As far as flooring materials go, engineered hardwood floors have become a more common option in Australia, with more people choosing it over marble, slate and even traditional hardwood. This can be tied to different reasons including reliability, price, finish, and maintenance, among others. To understand why this type of flooring is quickly becoming the way to go, you need to learn what it is and ow it has changed over time. The first question people ask when they meet the term engineered flooring for the first time, is what it means. What is it made of? How different is it from other types of floors? These are some of the other questions that follow soon after.
What is It?
It is a type of flooring material made from different layers of components. Most of them are made using materials such as plywood and unfinished whitewood, and then finished off with a hardwood veneer, made from such wood as high quality oak. The materials are laid out in different directions, in order to give it strength and durability. The hardwood finish is then prefinished with a tough coating made from urethane-like material to enhance its durability.
Depending on the quality and price range you are looking for, you can have floors from the lower end of the spectrum, having between 3 and 5 layers. Higher quality engineered hardwoods cost more, and can have as many as 12 to 15 layers. The main difference is that the cheaper ones tend to have thinner veneers that cannot be refinished when they start showing signs of wear. The more expensive ones have thicker floorboards that are more resistant, can heavier weights such as wardrobes with ease, and more importantly, can be refinished several times over when they start showing signs of wear.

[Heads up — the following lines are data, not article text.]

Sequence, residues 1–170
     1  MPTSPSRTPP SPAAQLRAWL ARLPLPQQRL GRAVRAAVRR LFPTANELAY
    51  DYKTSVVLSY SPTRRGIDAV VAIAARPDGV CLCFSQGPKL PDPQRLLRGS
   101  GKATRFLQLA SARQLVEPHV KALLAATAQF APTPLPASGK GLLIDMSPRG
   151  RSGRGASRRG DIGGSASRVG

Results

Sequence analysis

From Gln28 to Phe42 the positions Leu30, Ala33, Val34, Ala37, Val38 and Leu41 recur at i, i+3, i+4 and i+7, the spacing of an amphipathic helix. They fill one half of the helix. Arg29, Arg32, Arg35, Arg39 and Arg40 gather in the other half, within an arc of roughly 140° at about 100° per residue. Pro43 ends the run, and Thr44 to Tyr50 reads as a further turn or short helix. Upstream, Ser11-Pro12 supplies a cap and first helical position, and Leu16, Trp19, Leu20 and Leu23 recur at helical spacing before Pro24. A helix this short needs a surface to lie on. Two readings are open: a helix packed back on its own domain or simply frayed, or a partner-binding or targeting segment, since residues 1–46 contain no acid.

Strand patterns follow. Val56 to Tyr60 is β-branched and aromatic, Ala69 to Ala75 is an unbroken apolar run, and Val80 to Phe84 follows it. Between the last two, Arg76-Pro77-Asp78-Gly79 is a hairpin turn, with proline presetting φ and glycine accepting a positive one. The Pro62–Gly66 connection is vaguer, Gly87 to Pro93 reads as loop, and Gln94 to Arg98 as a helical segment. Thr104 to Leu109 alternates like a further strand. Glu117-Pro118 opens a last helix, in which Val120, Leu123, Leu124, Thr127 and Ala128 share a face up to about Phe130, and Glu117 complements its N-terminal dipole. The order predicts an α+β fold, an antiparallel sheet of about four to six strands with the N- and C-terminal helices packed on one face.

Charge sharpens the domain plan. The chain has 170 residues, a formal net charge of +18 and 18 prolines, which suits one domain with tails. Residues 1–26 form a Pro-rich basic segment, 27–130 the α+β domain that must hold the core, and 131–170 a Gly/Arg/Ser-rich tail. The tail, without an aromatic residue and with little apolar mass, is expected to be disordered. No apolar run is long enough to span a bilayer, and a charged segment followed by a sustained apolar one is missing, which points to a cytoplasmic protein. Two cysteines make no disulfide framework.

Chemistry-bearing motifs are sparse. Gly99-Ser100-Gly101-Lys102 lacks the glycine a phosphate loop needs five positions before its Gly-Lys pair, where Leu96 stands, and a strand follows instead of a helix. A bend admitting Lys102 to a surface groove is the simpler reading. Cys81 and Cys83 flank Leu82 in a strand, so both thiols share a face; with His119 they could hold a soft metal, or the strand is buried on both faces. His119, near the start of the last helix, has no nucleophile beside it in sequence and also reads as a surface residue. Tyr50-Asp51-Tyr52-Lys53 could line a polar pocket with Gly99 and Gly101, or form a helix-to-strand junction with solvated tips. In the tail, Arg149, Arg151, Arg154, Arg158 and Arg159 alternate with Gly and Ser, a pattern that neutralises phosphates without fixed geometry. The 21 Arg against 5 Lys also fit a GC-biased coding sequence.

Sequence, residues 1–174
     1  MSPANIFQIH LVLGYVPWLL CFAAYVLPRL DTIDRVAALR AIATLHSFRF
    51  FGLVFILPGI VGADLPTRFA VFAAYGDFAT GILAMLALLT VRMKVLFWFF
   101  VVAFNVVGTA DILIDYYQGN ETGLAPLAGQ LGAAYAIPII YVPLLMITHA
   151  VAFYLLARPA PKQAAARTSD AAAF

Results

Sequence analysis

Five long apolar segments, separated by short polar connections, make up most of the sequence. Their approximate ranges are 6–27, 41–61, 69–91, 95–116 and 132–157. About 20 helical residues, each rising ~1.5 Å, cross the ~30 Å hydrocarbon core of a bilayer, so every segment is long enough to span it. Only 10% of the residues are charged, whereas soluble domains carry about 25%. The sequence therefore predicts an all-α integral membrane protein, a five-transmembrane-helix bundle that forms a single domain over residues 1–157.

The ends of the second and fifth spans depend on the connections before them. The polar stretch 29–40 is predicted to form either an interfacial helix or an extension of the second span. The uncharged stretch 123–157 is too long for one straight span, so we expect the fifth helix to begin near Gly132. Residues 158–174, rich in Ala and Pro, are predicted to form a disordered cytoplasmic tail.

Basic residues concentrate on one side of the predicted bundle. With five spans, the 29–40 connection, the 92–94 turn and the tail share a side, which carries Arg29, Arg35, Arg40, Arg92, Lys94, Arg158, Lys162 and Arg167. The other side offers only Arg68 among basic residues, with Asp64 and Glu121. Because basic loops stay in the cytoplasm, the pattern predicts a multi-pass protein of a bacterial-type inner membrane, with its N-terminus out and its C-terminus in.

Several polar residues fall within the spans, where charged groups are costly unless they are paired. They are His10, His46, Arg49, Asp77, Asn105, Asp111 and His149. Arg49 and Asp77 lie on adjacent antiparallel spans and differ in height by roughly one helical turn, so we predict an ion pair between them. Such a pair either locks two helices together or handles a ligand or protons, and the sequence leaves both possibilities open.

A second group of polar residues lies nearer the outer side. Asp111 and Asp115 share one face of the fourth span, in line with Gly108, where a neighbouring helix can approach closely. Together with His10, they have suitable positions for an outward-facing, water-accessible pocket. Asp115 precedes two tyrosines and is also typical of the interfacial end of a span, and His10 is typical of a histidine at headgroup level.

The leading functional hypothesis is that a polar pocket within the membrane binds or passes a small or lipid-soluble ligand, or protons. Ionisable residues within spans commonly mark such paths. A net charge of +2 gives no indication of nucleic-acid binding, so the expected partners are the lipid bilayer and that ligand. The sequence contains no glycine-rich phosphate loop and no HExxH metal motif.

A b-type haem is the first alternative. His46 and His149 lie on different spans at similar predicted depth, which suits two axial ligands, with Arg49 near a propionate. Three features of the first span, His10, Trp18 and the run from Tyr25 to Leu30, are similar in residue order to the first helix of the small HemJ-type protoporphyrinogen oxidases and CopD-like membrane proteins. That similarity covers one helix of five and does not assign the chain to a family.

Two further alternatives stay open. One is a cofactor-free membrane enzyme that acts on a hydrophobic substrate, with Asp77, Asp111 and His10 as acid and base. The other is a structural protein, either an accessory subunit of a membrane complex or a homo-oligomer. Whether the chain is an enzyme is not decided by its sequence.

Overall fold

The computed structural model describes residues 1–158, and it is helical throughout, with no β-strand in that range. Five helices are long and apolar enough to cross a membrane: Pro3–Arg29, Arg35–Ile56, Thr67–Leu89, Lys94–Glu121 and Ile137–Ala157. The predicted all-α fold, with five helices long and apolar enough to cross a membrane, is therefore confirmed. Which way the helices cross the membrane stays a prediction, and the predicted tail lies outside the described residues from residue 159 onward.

Understanding The Development
Engineered floors were developed in the 1960s, purely for basements and the ground floors of buildings that were constructed on concrete slabs. This was because it was harder to install traditional solid hardwood floors in these areas, which prompted manufactures to come up with something that looked similar, but could withstand the harsh conditions better. In the beginning, this type of flooring was rarely used for any other purpose. This meant that the variations available were limited, and the thickness was also standard across the board, in order to suit this single function. The type of wood used in the finishing was also restricted to 2 or 3 common hardwoods only.
Over time however, the usage of engineered hardwood flooring has become more diverse, with its popularity over solid hardwood floors and timber floorboards rising exponentially. Their use is no longer restricted to basements; they are now installed in places where you would traditionally expect a different type of flooring, in the kitchen for instance.
They have also vastly improved in terms of quality and finishing. Where they used 2 or 3 types of hardwood, you can now find a wider variety of finishes, including birch, ash, cherry, mahogany, and a personal favourite for most people, oak. Another aspect that has changed in the manufacture is the thickness. Where they traditionally came in a standard thickness with a set number of layers, this has changed to as many as 15 layers being available. This has of course positively affected the quality of the flooring, making it last longer and withstand more stress.
What Else Has Changed?
Another major change that has been made with regards to this type of flooring is the ease of installation. Engineered floors that are thinner than 3 quarters of an inch can be glued down just like any vinyl flooring. This not only makes then pretty easy to put up but also opens you up to a world of possible DIY projects, which could save you some money. Using glue also does away with the danger of puncturing household infrastructure such as wiring and plumbing with nails. This feature, coupled with the fact that they transfer heat more efficiently in comparison to normal solid wood floors, makes them ideal for installation over radiant heating units.
Most of the flooring that is made nowadays also features an advanced system called the tongue and groove, which is used to lock the boards in place. This type of design has made it a lot easier to install, slashing the time needed by as much as 46% in comparison to older boards. These types of floors are also a dream for any renovator, since they make it easy to transition between rooms. For example, you can use flooring with different thicknesses to create a smooth even feel when moving from a wooden floor in the living room, to a different material in the kitchen, such as tiles for example. This removes the need for large transition strips and the bother of trimming doors that is sometimes required.